2013 is quickly turning into the Year of the Welcomed Comeback with long-dormant artists such as Daft Punk, Justin Timberlake, My Bloody Valentine, and Boards of Canada popping up with applauded new releases. Soon you can add another name to that list: Annie, the buoyant Norwegian singer responsible for some of the catchiest pop of the noughties—2005’s Anniemal and 2009’s Don’t Stop—returns August 5 with The A&R EP. The title’s short for Annie and Richard, a.k.a. Richard X—another veteran who’s been quiet for some time after making his name in the ‘00s with mashups, then working with artists like Jarvis Cocker, M.I.A., and Sugababes (the original members of which are plotting their own comeback). Annie’s still reigning as the Queen of Dark Pop on the five-track EP, pairing emotionally damaged lyrics with dancefloor ringers in the vein of Icona Pop and Charli XCX—who she paved the way for 10 years ago as one of the first artists to collide the worlds of indie and pop. I caught up with Annie over the phone to talk about her ode to 90s raves, unleashing her alter ego “Mannie”, and breaking her aching cycle of putting out a phenomenal release and then retreating from the spotlight.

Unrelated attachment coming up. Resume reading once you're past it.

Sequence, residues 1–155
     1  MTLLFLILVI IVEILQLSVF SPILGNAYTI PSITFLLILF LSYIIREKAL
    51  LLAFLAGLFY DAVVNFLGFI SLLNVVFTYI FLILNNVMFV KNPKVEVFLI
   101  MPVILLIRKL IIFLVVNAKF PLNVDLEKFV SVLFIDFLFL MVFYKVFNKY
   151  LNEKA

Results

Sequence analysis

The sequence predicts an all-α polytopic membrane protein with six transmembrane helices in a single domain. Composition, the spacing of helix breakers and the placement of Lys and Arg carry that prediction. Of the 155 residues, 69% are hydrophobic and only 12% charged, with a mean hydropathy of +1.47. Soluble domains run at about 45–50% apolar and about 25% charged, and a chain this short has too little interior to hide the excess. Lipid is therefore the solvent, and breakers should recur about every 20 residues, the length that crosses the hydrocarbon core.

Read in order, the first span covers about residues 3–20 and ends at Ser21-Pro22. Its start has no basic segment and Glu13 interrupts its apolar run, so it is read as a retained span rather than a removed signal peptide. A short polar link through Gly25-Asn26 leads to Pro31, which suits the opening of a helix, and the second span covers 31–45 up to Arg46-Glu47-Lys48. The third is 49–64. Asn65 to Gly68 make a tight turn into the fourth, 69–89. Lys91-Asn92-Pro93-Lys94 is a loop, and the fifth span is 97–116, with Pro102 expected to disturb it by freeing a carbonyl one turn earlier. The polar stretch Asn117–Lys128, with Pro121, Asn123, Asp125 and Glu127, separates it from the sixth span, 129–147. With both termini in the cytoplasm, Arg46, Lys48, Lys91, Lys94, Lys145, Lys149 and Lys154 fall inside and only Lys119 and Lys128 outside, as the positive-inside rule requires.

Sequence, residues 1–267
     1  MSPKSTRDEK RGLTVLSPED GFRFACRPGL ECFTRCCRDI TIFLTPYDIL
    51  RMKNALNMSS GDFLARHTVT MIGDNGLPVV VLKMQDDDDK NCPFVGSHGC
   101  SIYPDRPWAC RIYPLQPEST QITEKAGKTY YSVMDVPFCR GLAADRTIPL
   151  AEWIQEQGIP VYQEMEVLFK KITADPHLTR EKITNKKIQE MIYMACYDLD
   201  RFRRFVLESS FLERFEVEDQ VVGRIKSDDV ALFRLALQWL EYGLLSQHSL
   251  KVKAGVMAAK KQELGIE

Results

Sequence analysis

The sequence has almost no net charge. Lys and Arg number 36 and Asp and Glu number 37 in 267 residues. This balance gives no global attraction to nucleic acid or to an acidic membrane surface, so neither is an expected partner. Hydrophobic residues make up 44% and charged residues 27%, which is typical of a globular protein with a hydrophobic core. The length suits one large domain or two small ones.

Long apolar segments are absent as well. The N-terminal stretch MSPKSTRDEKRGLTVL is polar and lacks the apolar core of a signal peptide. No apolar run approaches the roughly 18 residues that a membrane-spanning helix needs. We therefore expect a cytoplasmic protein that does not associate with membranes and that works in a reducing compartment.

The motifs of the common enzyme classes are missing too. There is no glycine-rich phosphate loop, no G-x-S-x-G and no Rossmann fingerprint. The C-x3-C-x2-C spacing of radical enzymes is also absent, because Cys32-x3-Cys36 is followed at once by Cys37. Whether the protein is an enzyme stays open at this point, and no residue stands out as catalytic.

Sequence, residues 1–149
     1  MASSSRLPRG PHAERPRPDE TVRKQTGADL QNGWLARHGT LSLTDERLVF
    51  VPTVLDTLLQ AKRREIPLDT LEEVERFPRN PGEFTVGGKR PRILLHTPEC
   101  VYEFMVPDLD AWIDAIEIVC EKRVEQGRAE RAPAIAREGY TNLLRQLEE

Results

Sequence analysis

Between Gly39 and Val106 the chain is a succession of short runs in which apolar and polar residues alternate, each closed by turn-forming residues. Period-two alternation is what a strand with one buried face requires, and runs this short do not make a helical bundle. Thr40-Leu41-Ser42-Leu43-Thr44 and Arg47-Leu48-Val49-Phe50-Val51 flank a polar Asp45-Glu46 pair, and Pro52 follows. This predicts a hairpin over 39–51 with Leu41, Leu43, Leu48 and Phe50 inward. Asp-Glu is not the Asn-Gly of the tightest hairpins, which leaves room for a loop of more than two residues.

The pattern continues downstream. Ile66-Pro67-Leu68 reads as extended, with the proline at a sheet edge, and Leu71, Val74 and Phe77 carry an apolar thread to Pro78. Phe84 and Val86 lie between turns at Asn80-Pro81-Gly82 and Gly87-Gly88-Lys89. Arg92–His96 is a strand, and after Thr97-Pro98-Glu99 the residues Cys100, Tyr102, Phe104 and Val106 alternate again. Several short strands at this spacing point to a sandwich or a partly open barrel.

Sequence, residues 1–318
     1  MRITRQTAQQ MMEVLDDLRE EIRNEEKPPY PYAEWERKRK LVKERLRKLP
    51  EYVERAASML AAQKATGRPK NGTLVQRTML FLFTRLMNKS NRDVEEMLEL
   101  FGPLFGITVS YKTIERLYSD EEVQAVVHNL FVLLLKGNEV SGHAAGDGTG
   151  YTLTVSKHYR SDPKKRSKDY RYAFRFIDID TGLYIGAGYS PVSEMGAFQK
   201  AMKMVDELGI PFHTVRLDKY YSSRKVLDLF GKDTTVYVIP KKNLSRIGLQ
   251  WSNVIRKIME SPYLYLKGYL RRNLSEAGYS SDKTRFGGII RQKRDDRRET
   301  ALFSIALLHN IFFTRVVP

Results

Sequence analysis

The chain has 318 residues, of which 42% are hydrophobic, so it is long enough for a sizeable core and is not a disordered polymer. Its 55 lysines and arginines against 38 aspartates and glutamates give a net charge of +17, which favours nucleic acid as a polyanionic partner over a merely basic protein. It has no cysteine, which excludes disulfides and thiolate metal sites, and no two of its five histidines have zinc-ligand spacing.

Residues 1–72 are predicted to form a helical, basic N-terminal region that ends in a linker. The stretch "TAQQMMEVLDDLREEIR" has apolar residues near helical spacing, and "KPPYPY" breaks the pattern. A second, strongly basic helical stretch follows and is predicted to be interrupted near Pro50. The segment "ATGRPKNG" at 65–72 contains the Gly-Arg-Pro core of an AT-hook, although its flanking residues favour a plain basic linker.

Noisey: I’m dying to know what you’ve been up to over the past few years. Where have you been living? How have you been living?
Annie: I’m still living in Berlin and I’ve lived here for a bit over three years. I still have family and a lot of friends in Bergen [Norway] so I go back there a lot and I’m there now. But I’ve been spending most of my time at my apartment in Berlin, working in the studios there, DJing, and writing for myself and some artists. I wrote for Ralph Myerz (“Take a Look At the World”) and I did a couple of songs for this Finnish rock band called K-X-P, which came out recently. I love to write different music. My own music is more electropop and this was totally something else. It’s really cool to do different things and different writing is really appealing to me. I was also writing a song for the short film The Night Within and that’s going to be out later this year. I really want to do more film music. That’s very inspiring.